[lldb-dev] Parallelizing loading of shared libraries

Zachary Turner via lldb-dev lldb-dev at lists.llvm.org
Sun Apr 30 22:01:32 PDT 2017

#1 is no big deal, we could just allocate one in a global class somewhere.

#2 actually seems quite desirable, is there any reason you don't want that?

#3 seems like a win for performance since no locks have to be acquired to
manage the collection of threads
On Sun, Apr 30, 2017 at 9:41 PM Scott Smith <scott.smith at purestorage.com>

> The overall concept is similar; it comes down to implementation details
> like
> 1. llvm doesn't have a global pool, it's probably instantiated on demand
> 2. llvm keeps threads around until the pool is destroyed, rather than
> letting the threads exit when they have nothing to do
> 3. llvm starts up all the threads immediately, rather than on demand.
> Overall I like the current lldb version better than the llvm version, but
> I haven't examined any of the use cases of the llvm version to know whether
> it could be dropped in without issue.  However, neither does what I want,
> so I'll move forward prototyping what I think it should do, and then see
> how applicable it is to llvm.
> On Sun, Apr 30, 2017 at 9:02 PM, Zachary Turner <zturner at google.com>
> wrote:
>> Have we examined llvm::ThreadPool to see if it can work for our needs?
>> And if not, what kind of changes would be needed to llvm::ThreadPool to
>> make it suitable?
>> On Fri, Apr 28, 2017 at 8:04 AM Scott Smith via lldb-dev <
>> lldb-dev at lists.llvm.org> wrote:
>>> Hmmm ok, I don't like hard coding pools.  Your idea about limiting the
>>> number of high level threads gave me an idea:
>>> 1. System has one high level TaskPool.
>>> 2. TaskPools have up to one child and one parent (the parent for the
>>> high level TaskPool = nullptr).
>>> 3. When a worker starts up for a given TaskPool, it ensures a single
>>> child exists.
>>> 4. There is a thread local variable that indicates which TaskPool that
>>> thread enqueues into (via AddTask).  If that variable is nullptr, then it
>>> is the high level TaskPool.Threads that are not workers enqueue into this
>>> TaskPool.  If the thread is a worker thread, then the variable points to
>>> the worker's child.
>>> 5. When creating a thread in a TaskPool, it's thread count AND the
>>> thread count of the parent, grandparent, etc are incremented.
>>> 6. In the main worker loop, if there is no more work to do, OR the
>>> thread count is too high, the worker "promotes" itself.  Promotion means:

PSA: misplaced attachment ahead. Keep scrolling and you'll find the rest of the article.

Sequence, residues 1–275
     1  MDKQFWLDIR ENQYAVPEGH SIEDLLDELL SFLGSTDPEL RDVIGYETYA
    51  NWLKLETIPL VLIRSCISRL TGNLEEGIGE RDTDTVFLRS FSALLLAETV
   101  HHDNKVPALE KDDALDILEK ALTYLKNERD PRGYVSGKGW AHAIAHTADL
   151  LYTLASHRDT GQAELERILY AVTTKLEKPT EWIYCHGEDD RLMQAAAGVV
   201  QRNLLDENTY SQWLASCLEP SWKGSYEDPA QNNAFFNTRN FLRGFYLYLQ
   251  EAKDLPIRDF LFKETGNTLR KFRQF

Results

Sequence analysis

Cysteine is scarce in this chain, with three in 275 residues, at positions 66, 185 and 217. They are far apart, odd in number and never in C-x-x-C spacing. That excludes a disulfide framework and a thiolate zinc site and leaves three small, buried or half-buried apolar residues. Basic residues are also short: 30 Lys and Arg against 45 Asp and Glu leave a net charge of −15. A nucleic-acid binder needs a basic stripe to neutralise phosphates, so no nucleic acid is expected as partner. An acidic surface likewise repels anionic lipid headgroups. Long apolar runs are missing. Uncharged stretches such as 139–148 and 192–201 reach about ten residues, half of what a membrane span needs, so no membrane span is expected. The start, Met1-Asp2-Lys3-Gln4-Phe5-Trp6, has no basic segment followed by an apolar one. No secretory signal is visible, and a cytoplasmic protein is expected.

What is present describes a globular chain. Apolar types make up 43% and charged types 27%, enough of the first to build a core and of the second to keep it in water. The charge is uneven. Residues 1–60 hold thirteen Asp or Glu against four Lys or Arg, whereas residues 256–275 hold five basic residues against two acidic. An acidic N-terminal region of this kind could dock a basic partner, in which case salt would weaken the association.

>>> a. decrement the thread count for the current task pool
>>> b. if there is no parent, exit; otherwise, become a worker for the
>>> parent task pool (and update the thread local TaskPool enqueue pointer).
>>> The main points are:
>>> 1. We don't hard code the number of task pools; the code automatically
>>> uses the fewest number of taskpools needed regardless of the number of
>>> places in the code that want task pools.
>>> 2. When the child taskpools are busy, parent taskpools reduce their
>>> number of workers over time to reduce oversubscription.
>>> You can fiddle with the # of allowed threads per level; for example, if
>>> you take into account number the height of the pool, and the number of
>>> child threads, then you could allocate each level 1/2 of the number of
>>> threads as the level below it, unless the level below wasn't using all the
>>> threads; then the steady state would be 2 * cores, rather than height *
>>> cores.  I think that it probably overkill though.
>>> On Fri, Apr 28, 2017 at 4:37 AM, Pavel Labath <labath at google.com> wrote:
>>>> On 27 April 2017 at 00:12, Scott Smith via lldb-dev
>>>> <lldb-dev at lists.llvm.org> wrote:
>>>> > After a dealing with a bunch of microoptimizations, I'm back to
>>>> > parallelizing loading of shared modules.  My naive approach was to
>>>> just
>>>> > create a new thread per shared library.  I have a feeling some users
>>>> may not
>>>> > like that; I think I read an email from someone who has thousands of
>>>> shared
>>>> > libraries.  That's a lot of threads :-)
>>>> >
>>>> > The problem is loading a shared library can cause downstream
>>>> parallelization
>>>> > through TaskPool.  I can't then also have the loading of a shared
>>>> library
>>>> > itself go through TaskPool, as that could cause a deadlock - if all
>>>> the
>>>> > worker threads are waiting on work that TaskPool needs to run on a
>>>> worker
>>>> > thread.... then nothing will happen.
>>>> >
>>>> > Three possible solutions:
>>>> >
>>>> > 1. Remove the notion of a single global TaskPool, but instead have a
>>>> static
>>>> > pool at each callsite that wants it.  That way multiple paths into
>>>> the same
>>>> > code would share the same pool, but different places in the code
>>>> would have
>>>> > their own pool.
>>>> >
>>>> I looked at this option in the past and this was my preferred
>>>> solution. My suggestion would be to have two task pools. One for
>>>> low-level parallelism, which spawns
>>>> std::thread::hardware_concurrency() threads, and another one for
>>>> higher level tasks, which can only spawn a smaller number of threads
>>>> (the algorithm for the exact number TBD). The high-level threads can
>>>> access to low-level ones, but not the other way around, which
>>>> guarantees progress.
>>>> I propose to hardcode 2 pools, as I don't want to make it easy for
>>>> people to create additional ones -- I think we should be having this
>>>> discussion every time someone tries to add one, and have a very good
>>>> justification for it (FWIW, I think your justification is good in this
>>>> case, and I am grateful that you are pursuing this).
>>>> pl
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